Anna Taguti: I use palimpsest – both as technical method and as an image of multi-level life: you now watching something where the past is shone through and where the future is reflected on.

The base is the canvas, which background may be heterogeneous, intuitively selected. For example, it seems to me that here direct graphic lines – a radio circuit is needed, and here – an ornament, something decorative, as for tattoos or graffiti, in this case I use silk-screen printing. And I start do draw on the top of such a texture. the drawing itself turns out to be too realistic, so I improve it more and more – and finally I reach a deadlock. Then I paint it all over with the white paint. Something is emerging through this layer. And this “something” I start to pull out, drawing it anew, but now I don’t outline the old one, but I draw lines a little near, creating a new optics. I never know what I will reach in the end – I fight the material every time.

Asya Fillipova: Your paintings resemble Renaissance studies – why have you turned to this tradition?

Anna Taguti: Of course, there was a time when I carefully looked through the albums of Michelangelo, Leonardo and other great artists. When working on the project I recalled how I liked the composition of these studies: a figure and then suddenly an enlarged fragment of the body near it, a drawn hand, drapery or something else. It appears that such a fragmentary vision is close to our time, when something is snatched and elaborated in detail as with a camera zoom, and something is unclear and only sketched, some parts seem to be accidentally connected, and others are scattered.

For Renaissance artists these were auxiliary sketches for large paintings. But I wanted to use this method – such incompleteness, even the chaos I like more than thoroughly worked out pictures corrected to a dot. In my works I left all the vertical-horizontal auxiliary lines, the initial search for the composition. I could remove them, nothing would be easier to erase them or cover them up. But, in my opinion, they add extra sharpness to the drawing. And the canvases I specifically do not pull on the stretchers, I like them hanging like ragged skins – such uneven, “alive”.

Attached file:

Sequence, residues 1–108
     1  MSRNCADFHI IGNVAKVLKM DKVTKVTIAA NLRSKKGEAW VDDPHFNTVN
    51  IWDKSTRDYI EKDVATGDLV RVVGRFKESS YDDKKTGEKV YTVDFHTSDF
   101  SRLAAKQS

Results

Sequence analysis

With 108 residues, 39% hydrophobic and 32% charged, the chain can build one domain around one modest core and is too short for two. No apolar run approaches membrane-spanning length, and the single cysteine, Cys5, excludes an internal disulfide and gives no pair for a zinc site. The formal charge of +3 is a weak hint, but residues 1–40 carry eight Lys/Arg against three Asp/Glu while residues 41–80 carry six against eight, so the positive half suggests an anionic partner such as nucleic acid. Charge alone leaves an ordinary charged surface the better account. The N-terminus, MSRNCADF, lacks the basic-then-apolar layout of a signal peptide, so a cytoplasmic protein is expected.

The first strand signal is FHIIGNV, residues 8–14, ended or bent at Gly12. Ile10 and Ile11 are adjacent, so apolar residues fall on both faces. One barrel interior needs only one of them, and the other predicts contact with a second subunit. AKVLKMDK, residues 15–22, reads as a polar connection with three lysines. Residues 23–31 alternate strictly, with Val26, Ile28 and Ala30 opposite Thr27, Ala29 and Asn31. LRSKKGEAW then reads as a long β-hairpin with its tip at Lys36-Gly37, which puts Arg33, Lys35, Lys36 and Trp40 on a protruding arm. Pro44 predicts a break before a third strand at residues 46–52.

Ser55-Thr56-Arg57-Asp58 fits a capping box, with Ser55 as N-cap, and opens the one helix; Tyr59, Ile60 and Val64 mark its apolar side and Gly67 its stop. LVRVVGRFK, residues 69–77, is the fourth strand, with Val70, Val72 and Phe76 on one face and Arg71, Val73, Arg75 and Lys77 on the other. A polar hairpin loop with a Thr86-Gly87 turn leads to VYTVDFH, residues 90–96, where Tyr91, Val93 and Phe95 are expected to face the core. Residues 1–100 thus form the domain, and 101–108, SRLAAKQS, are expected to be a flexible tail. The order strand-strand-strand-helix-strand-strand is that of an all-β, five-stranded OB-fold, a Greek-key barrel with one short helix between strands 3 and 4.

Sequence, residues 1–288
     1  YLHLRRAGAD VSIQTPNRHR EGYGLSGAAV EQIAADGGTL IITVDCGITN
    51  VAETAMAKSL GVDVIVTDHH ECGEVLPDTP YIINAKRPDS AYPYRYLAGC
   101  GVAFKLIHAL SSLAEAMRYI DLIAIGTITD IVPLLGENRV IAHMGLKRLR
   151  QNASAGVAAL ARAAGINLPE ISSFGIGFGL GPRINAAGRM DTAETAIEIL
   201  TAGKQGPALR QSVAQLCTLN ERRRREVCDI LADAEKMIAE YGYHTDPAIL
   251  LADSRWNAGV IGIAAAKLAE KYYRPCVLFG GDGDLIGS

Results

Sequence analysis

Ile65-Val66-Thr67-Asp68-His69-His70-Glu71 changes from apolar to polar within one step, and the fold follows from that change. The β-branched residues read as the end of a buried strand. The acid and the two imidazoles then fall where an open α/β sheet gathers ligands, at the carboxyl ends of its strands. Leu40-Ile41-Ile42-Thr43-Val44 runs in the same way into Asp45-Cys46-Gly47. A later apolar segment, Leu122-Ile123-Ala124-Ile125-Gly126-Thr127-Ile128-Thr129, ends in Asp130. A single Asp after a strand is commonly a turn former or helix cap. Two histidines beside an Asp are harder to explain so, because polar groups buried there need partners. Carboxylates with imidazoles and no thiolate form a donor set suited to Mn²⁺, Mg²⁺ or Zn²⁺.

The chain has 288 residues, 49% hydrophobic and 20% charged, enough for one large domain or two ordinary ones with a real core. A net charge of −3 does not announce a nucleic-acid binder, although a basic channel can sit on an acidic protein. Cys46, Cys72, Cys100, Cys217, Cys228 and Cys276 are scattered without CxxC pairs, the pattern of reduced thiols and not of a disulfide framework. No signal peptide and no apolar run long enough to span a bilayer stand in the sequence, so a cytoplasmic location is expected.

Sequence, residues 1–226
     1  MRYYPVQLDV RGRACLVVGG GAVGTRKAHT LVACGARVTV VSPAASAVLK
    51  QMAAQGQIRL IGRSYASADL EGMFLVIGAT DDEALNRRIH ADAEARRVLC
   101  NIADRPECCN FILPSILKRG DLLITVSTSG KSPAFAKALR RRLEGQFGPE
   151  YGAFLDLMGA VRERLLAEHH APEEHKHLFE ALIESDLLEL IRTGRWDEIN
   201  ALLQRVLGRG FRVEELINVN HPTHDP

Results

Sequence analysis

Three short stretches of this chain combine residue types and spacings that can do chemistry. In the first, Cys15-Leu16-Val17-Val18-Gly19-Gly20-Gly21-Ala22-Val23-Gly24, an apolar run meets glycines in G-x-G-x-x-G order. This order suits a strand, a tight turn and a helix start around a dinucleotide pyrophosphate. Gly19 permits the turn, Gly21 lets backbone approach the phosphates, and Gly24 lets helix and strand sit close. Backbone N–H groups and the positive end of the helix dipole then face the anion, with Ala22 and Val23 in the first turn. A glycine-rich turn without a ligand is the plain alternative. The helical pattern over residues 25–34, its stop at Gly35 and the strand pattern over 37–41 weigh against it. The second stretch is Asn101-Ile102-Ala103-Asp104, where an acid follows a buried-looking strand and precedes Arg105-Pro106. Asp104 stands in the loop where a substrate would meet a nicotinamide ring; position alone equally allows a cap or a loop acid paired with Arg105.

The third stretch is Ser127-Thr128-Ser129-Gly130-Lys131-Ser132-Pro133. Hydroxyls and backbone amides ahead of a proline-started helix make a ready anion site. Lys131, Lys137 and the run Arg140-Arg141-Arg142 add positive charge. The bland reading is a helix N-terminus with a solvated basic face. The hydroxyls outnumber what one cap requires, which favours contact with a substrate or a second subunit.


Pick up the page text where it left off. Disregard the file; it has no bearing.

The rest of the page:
Nadezhda Lyalina: In your picture people seem to intertwine, merging into each other.

Anna Taguti: Once I had a dream: a circle, a tunnel with many people in it, and they all shone through each other – so I drew one of my works. Here we return to palimpsest theme. In my point of view the world is a single stream of life, energy, feelings and emotions. That is why people in my paintings seem to interfuse, flow into each other. One of my works – “Unreal Landscape” – is visually stood out from the general series, it shows the perspective of the rail track. But I also enter human silhouettes in this landscape. Both birth and death are synchronous in this picture: we all walk above someone’s tombs and burials. Such things are quite spontaneous and hard to be described. And, although I rely on specific ideas and themes, in the process of work something else begins to appear, some purely visual inexplicable images arise, and I exteriorize them.

Nadezhda Lyalina: Who served as model for your portraits?

Anna Taguti: Now almost no one is posing. My father and one girl were the only ones I painted from nature. the rest are from photos or memory. These were my friends, neighbours and acquaintances. Everyone wants to see themselves beautiful, and I do not paint complimentary, I catch some expression, something unearthly, transform it. My neighbor – she’s 74 – was very indignant that she turned out “like a man”, she asked me to retouch it with some coiffure . (Laughs.) I think I’m drawing a man in the moment when he’s beautiful. We all are.